Illegally passing a school bus is one of the most dangerous maneuvers drivers can make in Virginia. It also carries a heavy fine. In Virginia Beach, school authorities are countering the problem by fitting video cameras to buses.
The school district recently equipped about 100 Virginia Beach school buses with cameras to keep drivers from illegally passing the buses when they are picking up or dropping off students.
Passing a school bus with its flashing lights on and its stop arm up is illegal under Virginia law.
State code says the driver of a vehicle approaching a school bus from any direction must abide by the rules. The bus may be on a public highway, a private road, or a school driveway.
The only exception to the rule is when a vehicle is separated from the school bus by a solid barrier such as a median.
A driver approaching a loading or unloading school bus must stop and remain stopped until the students are clear of the road and the bus has retracted its stop arm. Drivers who violate the rule face a civil penalty of $250.
Virginia Beach school district officials hope that the cameras will make drivers think twice before passing a school bus. A district transportation official told WAVY:
“Once the red lights are activated and the stop arm is extended, the sensors in the camera are activated and it captures pictures of the approaching vehicles as it approaches the bus.”
The cameras detect vehicles passing a school bus from any direction. The cameras capture license plates along with the vehicle’s GPS location. Virginia Beach police then review the footage and decide if a driver should be fined $250.
We welcome this additional level of protection. In late 2018, a spate of fatal accidents put school bus safety in the limelight and illustrated how drivers routinely ignore this important rule.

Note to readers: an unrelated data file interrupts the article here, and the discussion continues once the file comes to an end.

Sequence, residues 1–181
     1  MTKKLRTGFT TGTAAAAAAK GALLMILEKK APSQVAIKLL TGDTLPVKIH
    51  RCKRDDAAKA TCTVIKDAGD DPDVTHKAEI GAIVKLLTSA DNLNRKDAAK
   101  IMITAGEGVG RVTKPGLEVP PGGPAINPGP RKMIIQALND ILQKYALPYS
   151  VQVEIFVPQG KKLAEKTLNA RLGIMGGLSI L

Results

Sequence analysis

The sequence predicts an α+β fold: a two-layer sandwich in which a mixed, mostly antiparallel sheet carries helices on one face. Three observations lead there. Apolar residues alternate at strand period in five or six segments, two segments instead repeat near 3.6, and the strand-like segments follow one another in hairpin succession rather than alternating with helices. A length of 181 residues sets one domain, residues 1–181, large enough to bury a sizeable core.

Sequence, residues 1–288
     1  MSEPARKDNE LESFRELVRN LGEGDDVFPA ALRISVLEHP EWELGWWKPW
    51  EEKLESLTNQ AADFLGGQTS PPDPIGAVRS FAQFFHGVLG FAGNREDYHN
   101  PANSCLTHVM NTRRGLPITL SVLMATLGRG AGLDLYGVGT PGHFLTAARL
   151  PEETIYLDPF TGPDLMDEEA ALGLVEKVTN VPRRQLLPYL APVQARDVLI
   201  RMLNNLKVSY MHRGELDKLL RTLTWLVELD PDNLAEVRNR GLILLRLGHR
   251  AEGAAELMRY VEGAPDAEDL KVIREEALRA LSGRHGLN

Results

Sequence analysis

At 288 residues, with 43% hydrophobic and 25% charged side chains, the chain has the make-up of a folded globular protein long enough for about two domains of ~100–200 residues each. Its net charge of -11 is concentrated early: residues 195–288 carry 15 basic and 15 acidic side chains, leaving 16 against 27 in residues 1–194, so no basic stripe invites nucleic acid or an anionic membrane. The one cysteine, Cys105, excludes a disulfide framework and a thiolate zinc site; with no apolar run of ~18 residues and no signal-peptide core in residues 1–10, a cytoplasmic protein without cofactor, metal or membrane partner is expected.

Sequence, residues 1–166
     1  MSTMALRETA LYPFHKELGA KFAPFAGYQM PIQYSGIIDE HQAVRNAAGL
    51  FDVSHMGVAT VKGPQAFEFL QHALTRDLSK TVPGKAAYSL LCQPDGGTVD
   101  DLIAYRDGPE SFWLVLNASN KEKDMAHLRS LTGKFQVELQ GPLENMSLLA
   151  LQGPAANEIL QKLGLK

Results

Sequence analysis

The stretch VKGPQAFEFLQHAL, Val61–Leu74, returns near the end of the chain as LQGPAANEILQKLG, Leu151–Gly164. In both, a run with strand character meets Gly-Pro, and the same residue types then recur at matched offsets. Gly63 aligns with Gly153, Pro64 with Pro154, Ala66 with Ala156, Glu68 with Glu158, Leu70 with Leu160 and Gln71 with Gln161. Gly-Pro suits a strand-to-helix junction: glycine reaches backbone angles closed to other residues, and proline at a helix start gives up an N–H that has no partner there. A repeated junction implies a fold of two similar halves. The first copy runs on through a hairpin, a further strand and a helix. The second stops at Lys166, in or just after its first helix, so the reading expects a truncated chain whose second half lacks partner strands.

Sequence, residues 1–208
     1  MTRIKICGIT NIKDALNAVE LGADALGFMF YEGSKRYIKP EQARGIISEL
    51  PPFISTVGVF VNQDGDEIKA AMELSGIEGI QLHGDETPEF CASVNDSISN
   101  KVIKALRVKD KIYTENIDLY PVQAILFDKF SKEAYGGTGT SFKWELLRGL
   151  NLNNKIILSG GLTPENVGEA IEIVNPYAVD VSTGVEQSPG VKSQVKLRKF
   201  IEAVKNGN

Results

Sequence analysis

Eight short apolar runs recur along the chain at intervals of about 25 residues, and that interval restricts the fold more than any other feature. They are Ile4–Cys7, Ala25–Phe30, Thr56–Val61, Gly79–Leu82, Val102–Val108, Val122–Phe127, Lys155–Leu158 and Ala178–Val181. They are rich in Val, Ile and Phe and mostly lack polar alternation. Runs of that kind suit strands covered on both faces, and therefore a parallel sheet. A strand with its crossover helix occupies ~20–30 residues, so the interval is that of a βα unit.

In November, a 7-year-old boy was found dead at a bus stop in Pennsylvania after he was struck by a car, according to police.
In Indiana, three children were killed in a crash when the driver of a pickup plowed into four students boarding a school bus, state police said.
In October 2018, boys aged 11 and 13 were hit in Kentucky. The boys were injured by a car as they crossed a busy road to a bus stop.
Drivers who passed school buses have injured students in Virginia Beach. Students have also suffered injured on buses.
The cameras are not the only piece of new technology that the City of Virginia Beach has introduced to its school buses this year.
Virginia Beach Launches New Bus Tracking App
Virginia Beach City Public Schools launched an app this week that allows parents to track where their child’s school bus is.
Here Comes the Bus was launched on February 4. The app enables students and their parents to see where their school bus is in real time using their smartphones.
David Pace, Executive Director of Transportation, for the school district said:
“We have 630 buses on the road each day transporting 45,000 students across 3,400 routes in the city. While we are almost always on time, this app will provide our riders, as well as their parents, real-time tracking information – something which can be particularly helpful during inclement weather.”
We welcome any moves to make buses safer and to protect students. Bus stops are dangerous places, particularly when mornings and nights are dark. If you or your child has been hurt in an accident, please contact our Virginia bus accident lawyers today at (757) 231-6443.